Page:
Long lenses aren't going to be small and hand holding with high shutter speeds certainly isn't as hard as it is sometimes made out to be. I think the Sigma 50-500 would be a good choice. It covers a wide range of focal lengths and although heavy, it is still manageable if you can prop or have fast shutter speeds. A monopod is going to be needed for extended use, but I don't think it will hinder you like a tripod will.

    Z
    Well the Minolta 500mm is autofocus, about 1/4 of the weight and a lot shorter than the the just over one foot long Sigma lens. The Minolta is easily handholdable where according to the reviews, the Sigma is a problem at 300mm and beyond.

    Most important is that the Minolta lens is 1/4 of the price on ebay of the $1,000 sigma lens.

    Ronnoco

  8. #8
    Newest Nikon Samurai zrfraser's Avatar
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    Re: which zoom lens

    I agree that the 500mm is one of the better mirror lenses out and its auto focus to boot. But, you are stuck with 500mm which is great when you need it, but what about when you don't? When you don't need the reach you have to change lenses and it will be in a dusty environment, which as we know is horrible for digital sensors. I like the 50-500 because you can keep it on there for the most part. You also talked of renting a new alpha body or older Maxxum body. You have to think he has to rent this body for 10 days. I remember from an earlier post that renting (a D70) was something like 300 a week. I don't remember the actual price but was very high considering you could buy one for what it would take to rent one for a few weeks.

    Z
    Hell, there are no rules here-- we're trying to accomplish something.
    Thomas A. Edison

    Opportunity is missed by most people because it is dressed in overalls and looks like work.
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  9. #9
    Nature/Wildlife Forum Co-Moderator Loupey's Avatar
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    Re: which zoom lens

    For a trip-of-a-lifetime trip, you need:

    1) portability
    2) quality glass
    3) tripod
    4) versatility

    Based on this, mrshabbs, and having an intimate knowledge of Canon's product lines and prices, I would highly recommend the following simple recipe:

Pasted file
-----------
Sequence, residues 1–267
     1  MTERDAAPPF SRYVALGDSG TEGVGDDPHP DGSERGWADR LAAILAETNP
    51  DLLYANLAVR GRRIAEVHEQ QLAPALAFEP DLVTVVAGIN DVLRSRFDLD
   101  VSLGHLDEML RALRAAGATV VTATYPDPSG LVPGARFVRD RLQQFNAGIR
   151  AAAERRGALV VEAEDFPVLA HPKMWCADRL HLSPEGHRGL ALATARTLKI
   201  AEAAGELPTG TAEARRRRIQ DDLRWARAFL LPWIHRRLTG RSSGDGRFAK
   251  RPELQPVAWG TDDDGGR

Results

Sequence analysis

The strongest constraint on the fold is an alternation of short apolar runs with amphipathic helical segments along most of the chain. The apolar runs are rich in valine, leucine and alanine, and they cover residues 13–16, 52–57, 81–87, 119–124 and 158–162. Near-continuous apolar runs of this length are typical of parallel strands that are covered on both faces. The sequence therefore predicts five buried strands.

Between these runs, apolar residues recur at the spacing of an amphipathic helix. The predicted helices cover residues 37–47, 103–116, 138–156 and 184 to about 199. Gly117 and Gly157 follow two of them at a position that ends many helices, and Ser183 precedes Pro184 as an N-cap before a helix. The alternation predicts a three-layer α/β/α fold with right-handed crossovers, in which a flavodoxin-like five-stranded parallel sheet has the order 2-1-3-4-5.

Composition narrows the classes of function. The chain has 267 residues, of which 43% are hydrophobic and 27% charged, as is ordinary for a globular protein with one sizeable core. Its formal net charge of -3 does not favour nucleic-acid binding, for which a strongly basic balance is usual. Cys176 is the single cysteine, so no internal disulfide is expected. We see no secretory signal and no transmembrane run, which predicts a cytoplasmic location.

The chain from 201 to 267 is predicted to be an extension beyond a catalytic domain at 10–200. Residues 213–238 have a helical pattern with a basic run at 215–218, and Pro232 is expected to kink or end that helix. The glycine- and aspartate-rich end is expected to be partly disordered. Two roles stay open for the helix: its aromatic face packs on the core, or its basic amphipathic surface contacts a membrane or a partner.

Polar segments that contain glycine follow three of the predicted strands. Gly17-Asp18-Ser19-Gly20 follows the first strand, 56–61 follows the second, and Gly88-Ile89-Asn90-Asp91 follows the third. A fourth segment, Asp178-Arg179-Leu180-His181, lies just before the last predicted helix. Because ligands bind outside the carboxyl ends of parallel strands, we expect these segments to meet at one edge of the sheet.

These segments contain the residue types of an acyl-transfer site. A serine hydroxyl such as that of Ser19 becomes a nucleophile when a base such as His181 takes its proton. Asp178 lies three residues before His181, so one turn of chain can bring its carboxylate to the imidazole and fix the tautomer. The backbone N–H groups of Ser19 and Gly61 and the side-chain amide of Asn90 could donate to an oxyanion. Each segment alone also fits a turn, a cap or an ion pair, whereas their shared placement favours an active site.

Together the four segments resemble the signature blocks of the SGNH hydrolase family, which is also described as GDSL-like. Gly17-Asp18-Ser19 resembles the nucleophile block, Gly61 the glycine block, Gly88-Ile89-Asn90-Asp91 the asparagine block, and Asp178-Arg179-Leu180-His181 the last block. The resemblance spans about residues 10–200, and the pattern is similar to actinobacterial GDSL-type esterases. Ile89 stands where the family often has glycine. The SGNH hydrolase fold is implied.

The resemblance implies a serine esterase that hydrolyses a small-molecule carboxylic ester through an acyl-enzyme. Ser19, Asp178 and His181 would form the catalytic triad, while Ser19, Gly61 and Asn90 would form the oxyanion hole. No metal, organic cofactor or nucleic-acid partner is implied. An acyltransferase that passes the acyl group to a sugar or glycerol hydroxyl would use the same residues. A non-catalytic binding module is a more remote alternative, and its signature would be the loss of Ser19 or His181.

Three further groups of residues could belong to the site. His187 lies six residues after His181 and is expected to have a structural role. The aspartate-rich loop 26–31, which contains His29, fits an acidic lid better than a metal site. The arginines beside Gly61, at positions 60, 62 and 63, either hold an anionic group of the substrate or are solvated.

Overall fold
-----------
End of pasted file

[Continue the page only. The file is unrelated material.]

Canon 300mm f/4L IS (reduces the need for #3 while having #1 & #2)
    Canon 1.4 x or 2x II Teleconverter (gives you #4)
    Extension Tube Set (also gives you #4)

    Other than one other lens (wide to normal zoom for landscapes, sunsets, and people shots), I feel that that would be all you need hardware wise. Not overly expensive, very portable, great image quality, ability to shoot at 300mm for relatively close wildlife and 420mm/600mm for farther stuff.

    As for mirror lenses, yes they are light and inexpensive. I used one in the past. I couldn't get past the crazy doughnut shaped out-of-focus points. I wouldn't use them in a park down the street. Let alone use them on the other side of world where you would find pro dealers nowhere to be found after you discovered you hated that mirror lens.
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  10. #10
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    Re: which zoom lens

    Thanks all for your replies. I have come across two Lens that I feel I could justify purchasing:. Any suggestions on which?

    1) canon EF 70-300mm f4.5/f5.6 IS USM

    I have been offered this Lens new for 390 and is in stock in the UK.

    The lens was purchased in the US - does this make a difference to warranty/compatibility?

    I have read that there is a manufacturers problem with this lens and this is the reason it is very difficult (or impossible) to source in the UK at present. Can anyone comment?


    2) canon 100-400mm EF f4.5/f5.6 L IS USM.

    Many Thanks
    Mr Shabbs

  11. #11
    Nature/Wildlife Forum Co-Moderator Loupey's Avatar
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    Re: which zoom lens

    Since you have listed both lenses here, I'm assuming that price is not the whole issue. That said, comparing these two is like comparing a Chevy Camaro verses the Corvette (apologies for using a US car analogy - I don't know what's common in the UK ) In other words, no comparison. Go for the 100-400mm.

    I have played around with that 70-300mm. For your upcoming trip, I wouldn't trust that build quality for such a photo-oriented excursion. The 100-400 is built for Pro use.

    Keep in mind that the 300mm f/4L IS + 1.4x or 2x TC will cost about the same as the 100-400mm.

    To confuse you even more, I just played around with the 200mm f/2.8L. I believe it is one the cheapest "L" prime lens that Canon makes and it is fast, light, and sharp. Put a 2x TC on that you have a sharper 400mm f/5.6 than the zoom version. The cost of this lens plus the TC will be about the same as the 300mm alone. However, no IS